Preparedness & Recovery

York County 911 Paging System Returns in Limited Capacity

The paging system to contact fire and EMS responders had been down since Saturday, July 29.

by David Weissman, The York Dispatch, Pa. / August 1, 2017
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(TNS) - The York County, Pa., 911 fire and EMS paging system is now operating in a limited capacity.

The paging system to contact fire and EMS responders had been down since Saturday, July 29.

The county now has seven high-powered sites online offering limited coverage, though each tower is running independently on internal timing, which may cause "garbled messages" in overlap areas, according to York County 911's Facebook page.

The southeastern part of the county will continue having trouble receiving pages, and the county still does not know when the system will be back up to full capacity.

Roxie Tate, lead training supervisor for the 911 center, said all fire and EMS units have been advised to staff their radio transmission stations, and all dispatches since the issue first began have been answered in a timely manner.

County spokesman Mark Walters said the issue has not affected communications with police or communications from the public to the 911 center.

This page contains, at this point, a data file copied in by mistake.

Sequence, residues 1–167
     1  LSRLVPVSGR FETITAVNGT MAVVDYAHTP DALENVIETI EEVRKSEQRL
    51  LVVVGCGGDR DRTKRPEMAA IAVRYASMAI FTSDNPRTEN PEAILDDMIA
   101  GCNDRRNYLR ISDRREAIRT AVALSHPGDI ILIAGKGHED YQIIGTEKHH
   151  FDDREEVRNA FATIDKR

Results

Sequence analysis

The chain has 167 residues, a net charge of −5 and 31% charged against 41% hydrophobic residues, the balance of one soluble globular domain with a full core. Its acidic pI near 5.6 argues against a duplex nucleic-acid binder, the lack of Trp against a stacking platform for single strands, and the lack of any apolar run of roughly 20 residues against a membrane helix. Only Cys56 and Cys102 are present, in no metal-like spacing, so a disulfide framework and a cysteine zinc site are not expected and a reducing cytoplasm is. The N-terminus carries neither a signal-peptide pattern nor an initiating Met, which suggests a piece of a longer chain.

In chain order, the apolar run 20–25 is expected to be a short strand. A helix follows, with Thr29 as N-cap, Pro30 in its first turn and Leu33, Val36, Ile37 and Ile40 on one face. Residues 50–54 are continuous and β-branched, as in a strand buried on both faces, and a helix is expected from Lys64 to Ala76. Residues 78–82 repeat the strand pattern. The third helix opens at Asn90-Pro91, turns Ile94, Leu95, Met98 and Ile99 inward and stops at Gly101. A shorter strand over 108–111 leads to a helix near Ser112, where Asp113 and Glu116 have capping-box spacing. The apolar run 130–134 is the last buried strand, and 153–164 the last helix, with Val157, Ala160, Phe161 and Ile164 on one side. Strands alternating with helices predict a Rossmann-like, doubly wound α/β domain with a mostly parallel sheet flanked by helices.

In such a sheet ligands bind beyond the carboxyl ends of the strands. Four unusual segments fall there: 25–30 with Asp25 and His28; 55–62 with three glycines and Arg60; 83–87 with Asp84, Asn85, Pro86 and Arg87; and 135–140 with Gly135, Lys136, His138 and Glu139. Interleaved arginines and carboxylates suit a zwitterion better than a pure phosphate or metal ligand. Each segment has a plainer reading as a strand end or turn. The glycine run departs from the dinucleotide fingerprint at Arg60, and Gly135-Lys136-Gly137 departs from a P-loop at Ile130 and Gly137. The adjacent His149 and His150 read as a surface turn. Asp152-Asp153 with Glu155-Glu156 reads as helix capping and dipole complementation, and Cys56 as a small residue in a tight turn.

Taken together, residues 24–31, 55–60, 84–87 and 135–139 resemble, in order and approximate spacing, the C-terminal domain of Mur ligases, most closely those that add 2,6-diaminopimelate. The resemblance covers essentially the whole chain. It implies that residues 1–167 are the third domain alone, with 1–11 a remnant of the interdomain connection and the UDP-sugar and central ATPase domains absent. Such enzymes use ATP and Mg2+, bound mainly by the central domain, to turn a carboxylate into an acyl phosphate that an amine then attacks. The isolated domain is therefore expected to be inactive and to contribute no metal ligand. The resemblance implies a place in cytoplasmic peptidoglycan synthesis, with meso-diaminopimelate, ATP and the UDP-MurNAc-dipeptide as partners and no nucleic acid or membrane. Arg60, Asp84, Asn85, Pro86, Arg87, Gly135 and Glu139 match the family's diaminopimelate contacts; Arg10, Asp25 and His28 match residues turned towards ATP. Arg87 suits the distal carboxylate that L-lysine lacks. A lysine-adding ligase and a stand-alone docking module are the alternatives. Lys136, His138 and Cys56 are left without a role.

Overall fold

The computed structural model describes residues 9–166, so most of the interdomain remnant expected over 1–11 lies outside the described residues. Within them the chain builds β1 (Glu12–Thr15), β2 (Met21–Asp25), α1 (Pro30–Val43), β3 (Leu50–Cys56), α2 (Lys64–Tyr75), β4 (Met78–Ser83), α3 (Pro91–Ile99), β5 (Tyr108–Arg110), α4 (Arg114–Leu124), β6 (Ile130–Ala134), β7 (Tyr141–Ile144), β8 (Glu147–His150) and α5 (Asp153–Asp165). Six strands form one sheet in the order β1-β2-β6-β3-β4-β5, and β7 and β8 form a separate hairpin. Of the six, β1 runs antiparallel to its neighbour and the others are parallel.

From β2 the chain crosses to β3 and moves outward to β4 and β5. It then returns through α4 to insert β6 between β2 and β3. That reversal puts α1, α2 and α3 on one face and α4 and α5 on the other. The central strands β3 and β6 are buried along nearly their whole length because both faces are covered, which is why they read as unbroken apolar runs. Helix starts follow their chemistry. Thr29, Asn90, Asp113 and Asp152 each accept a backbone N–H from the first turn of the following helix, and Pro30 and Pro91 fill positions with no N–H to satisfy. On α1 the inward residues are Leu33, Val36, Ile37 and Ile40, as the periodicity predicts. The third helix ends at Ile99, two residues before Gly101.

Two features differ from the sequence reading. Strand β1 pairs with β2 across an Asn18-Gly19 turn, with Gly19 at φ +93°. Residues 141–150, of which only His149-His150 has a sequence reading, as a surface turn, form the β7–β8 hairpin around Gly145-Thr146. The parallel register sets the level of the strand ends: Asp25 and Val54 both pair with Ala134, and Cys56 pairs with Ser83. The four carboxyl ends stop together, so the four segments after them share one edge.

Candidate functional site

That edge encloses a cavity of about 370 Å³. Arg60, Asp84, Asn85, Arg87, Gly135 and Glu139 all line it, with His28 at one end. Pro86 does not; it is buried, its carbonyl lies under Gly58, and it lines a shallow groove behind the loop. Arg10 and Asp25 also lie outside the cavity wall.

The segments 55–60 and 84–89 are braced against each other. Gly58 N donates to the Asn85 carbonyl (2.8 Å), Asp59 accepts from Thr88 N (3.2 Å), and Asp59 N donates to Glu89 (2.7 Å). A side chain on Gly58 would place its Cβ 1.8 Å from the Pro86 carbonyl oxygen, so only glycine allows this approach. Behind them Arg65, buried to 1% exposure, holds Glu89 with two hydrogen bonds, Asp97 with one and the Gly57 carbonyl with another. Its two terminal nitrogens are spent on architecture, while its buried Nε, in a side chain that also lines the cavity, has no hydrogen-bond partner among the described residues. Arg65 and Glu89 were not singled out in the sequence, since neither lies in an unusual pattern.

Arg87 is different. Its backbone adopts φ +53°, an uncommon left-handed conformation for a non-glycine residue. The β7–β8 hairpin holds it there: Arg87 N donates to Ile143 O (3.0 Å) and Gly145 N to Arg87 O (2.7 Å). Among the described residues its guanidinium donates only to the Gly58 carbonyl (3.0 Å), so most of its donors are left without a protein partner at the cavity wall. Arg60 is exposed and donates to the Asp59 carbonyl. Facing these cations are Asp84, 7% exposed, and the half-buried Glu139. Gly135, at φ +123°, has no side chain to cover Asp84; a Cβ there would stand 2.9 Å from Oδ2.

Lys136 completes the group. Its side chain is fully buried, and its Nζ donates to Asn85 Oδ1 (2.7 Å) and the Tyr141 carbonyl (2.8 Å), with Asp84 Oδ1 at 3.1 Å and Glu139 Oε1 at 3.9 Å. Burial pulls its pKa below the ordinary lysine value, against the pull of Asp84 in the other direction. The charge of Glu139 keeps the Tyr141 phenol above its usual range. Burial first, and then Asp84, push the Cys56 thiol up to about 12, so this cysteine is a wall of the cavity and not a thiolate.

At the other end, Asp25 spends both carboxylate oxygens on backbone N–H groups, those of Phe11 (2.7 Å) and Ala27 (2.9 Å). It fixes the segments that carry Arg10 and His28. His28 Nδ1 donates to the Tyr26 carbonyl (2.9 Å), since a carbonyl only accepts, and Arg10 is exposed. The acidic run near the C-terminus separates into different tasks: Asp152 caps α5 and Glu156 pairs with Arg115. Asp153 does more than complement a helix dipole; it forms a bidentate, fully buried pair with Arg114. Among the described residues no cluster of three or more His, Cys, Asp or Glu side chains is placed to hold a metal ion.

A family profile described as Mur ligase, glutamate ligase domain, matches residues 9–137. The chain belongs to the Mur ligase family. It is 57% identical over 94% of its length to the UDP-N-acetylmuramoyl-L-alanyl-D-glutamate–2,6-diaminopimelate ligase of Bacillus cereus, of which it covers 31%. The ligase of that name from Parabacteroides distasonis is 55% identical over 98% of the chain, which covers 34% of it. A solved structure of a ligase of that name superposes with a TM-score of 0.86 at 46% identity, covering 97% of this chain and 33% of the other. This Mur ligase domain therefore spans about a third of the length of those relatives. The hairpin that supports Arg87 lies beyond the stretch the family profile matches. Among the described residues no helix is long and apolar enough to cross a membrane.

"To our knowledge, (it) has not up to this point adversely affected the public that we know of," Walters said.

The issue stems from a firmware malfunction on communications equipment that has prevented the GPS signal from reaching the satellite that sends pages to fire and EMS personnel, Walters explained.

Walters said the county was unable to contact the manufacturer of the firmware over the weekend, but contact was made on Monday, and potential solutions are being discussed.

He declined to name the manufacturer, but he said others using the same manufacturer, including Dauphin County, were dealing with the same issues.

Potential fixes include updating the firmware, which could have been completed as soon as later Monday, or replacing the equipment, which could take several days, Walters said.

Replacing the equipment would cost the county $23,000, according to Walters.

Walters said the firmware is supposed to be updated every 19½ years — and the software was last updated 19½ years ago on Saturday.

The county was unaware of the firmware's limitation until now, and the manufacturer did not notify the county, according to Walters.

The county has contracted with this manufacturer since 2008, he added.

Asked whether the county would switch manufacturers in light in this issue, Walters said that option is being reviewed.

— Reach David Weissman at dweissman@yorkdispatch.com or on Twitter at @DispatchDavid.

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